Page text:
- Uncommon Sense: Dictatorship, Transition, and Dissensus in Carmen Martín Gaite’s El cuarto de atrás
In Carmen Martín Gaite’s study of courtship customs in post–civil war Spain, Usos amorosos de la posguerra española (1987), the renowned Spanish novelist discusses how feminine magazines in postwar Spain instructed women to use their romantic correspondence to inquire about topics of interest to their male addressees and to lay the foundations for a strong and durable marriage.1 Knowing the rhetorical tricks for attracting male attention was indeed a valuable asset in achieving the ultimate goal for females who grew up and became adults during General Francisco Franco’s dictatorship (1939–75): finding a husband. While writing letters was considered a skill that, like sewing, cooking, and ironing, every woman in search of a husband should master, it also had the curious power of suspending the benumbing rules that cast women in the invariable roles of obedient daughter, dutiful wife, and dedicated mother. Talking about one’s feelings in a letter, Martín Gaite writes, was like putting down a “draft version” of the novel in which these young women sought to play the leading part that was unremittingly denied to them by their dreary circumstances.2
The narrative creativity of these private missives closely resembles Martín Gaite’s model of literary writing. In El cuento de nunca [End Page 337] acabar (1983), a collection of essays on the craft of fiction, she explains that one of the earliest manifestations of a writer’s “narrative autonomy,” of her capacity to use language freely, is the letter she sends to a “flesh-and-blood friend.” She contrasts this liberating form of writing with the dry and impersonal rhetorical exercises designed to teach unwilling schoolchildren how to write proper letters. The personal missive, unlike the academic composition, frees the powers of the imagination from what she describes as the “rusty rails” of set formulas and official values.3 Although Martín Gaite never wrote a conventional epistolary novel, her works often feature letters as emblems of freedom and liberation from society’s constraints. El cuarto de atrás (1978) is perhaps the novel that best illustrates this link between epistolary writing and social criticism.4 The letters in the novel appear as fragments of the female protagonist’s psyche, as manifestations of those ideas, dreams, and desires that had to remain secret during Franco’s dictatorship. As Patrick Paul Garlinger has perceptively noted, the letters in the text function “as signposts of foreclosed desire, of libidinal activity that has been buried and ostensibly forgotten.”5 Specifically, Garlinger focuses on how some of the letters exchanged between female characters articulate the specter of lesbian desire and break with the patriarchal and heterosexual expectations that have traditionally governed the epistolary genre. While letter writing certainly conveys the female narrator’s innovative representations of gender and sexuality, as Garlinger has amply demonstrated, it also allows us to consider Martín Gaite’s work as an attempt to expose not only the repressive ideology of the Franco years but also the official rhetoric of the historical period that followed those years and coincided with the process of composition of the novel: the transition to democracy.6 In telescoping its criticism of these two periods, El cuarto de atrás encourages an understanding of the Spanish transition not as a new beginning for the country but as the continuation of past repression under new political and social forms.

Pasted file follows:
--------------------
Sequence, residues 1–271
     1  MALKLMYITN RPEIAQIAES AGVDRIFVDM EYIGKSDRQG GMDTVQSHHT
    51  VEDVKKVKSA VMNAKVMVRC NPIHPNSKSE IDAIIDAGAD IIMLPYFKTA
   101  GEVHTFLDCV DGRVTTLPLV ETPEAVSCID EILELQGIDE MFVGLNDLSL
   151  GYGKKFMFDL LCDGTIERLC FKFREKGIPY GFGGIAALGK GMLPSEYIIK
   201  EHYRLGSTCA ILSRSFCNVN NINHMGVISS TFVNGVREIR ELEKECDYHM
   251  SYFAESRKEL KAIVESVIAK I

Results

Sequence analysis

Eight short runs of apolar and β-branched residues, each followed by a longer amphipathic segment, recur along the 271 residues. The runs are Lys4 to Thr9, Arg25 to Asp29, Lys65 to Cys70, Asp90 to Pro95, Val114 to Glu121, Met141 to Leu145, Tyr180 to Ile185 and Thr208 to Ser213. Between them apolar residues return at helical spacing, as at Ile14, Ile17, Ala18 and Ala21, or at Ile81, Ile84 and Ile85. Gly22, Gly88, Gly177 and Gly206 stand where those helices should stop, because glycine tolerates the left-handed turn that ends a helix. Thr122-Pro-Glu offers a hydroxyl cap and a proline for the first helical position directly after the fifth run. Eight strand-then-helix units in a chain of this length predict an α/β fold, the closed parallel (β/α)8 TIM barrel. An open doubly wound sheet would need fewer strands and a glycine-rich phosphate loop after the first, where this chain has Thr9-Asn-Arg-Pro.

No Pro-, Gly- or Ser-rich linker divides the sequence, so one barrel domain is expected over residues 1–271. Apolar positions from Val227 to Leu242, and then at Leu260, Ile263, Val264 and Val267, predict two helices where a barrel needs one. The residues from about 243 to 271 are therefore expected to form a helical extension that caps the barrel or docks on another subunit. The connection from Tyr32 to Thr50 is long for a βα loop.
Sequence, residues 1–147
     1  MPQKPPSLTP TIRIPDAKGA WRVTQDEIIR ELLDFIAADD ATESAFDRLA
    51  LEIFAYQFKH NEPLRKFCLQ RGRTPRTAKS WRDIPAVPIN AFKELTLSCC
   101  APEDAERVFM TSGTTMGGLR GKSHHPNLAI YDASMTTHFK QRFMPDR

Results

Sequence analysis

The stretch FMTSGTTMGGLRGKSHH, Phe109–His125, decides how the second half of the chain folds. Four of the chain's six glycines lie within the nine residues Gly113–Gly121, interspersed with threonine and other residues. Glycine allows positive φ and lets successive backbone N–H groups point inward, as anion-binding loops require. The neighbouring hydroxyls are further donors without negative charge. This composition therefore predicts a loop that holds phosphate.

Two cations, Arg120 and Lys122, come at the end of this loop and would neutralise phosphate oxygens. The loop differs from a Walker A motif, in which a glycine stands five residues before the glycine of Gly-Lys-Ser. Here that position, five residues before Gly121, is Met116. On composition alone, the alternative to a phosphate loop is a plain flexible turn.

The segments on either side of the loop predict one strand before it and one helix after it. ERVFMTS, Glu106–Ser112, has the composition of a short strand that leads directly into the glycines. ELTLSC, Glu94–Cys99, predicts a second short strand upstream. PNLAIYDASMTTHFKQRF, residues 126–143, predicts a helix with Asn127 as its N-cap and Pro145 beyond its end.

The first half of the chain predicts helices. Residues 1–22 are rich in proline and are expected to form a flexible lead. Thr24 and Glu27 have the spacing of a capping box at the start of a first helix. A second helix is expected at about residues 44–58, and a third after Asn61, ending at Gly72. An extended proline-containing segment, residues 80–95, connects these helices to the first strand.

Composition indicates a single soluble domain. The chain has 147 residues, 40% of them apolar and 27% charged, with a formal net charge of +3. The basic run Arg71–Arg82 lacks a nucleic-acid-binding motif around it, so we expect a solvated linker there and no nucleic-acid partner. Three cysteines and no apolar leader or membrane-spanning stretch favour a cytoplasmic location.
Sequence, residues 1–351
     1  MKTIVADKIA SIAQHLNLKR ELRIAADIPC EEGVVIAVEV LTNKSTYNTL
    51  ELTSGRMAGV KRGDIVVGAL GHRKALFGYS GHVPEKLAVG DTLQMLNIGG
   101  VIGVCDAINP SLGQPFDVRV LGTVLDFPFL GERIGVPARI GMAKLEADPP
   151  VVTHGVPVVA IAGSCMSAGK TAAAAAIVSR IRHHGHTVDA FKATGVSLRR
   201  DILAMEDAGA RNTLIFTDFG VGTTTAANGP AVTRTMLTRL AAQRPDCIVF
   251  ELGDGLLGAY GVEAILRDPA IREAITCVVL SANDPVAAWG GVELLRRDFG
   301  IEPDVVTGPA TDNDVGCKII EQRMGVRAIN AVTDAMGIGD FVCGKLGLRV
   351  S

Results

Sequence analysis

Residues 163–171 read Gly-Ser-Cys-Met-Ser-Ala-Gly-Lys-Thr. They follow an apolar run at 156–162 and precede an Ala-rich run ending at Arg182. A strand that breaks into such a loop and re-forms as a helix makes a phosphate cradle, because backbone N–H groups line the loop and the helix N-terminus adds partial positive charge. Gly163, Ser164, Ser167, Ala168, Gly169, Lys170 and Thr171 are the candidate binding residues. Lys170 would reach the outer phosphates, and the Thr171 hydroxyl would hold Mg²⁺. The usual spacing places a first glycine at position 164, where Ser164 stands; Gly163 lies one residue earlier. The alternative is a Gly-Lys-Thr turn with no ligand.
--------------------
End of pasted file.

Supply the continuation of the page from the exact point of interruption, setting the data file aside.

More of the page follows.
Political analysts have often considered the Spanish transition as an exemplary model of democratization through consensual arbitration.7 Consensus, an almost sacred notion during this time, became a matter of common sense, an unquestioned principle that brought together political elites of widely different ideological stripes in their efforts to leave behind a turbulent and divisive historical past and to build a democratic future. El cuarto de atrás asks us to read the social text of the transition and the consensual strategies that otherwise buttressed it by eschewing blind celebratory narratives and disarticulating the received notions and commonsensical certitudes on which the “success” of the transition [End Page 338] rests. In doing...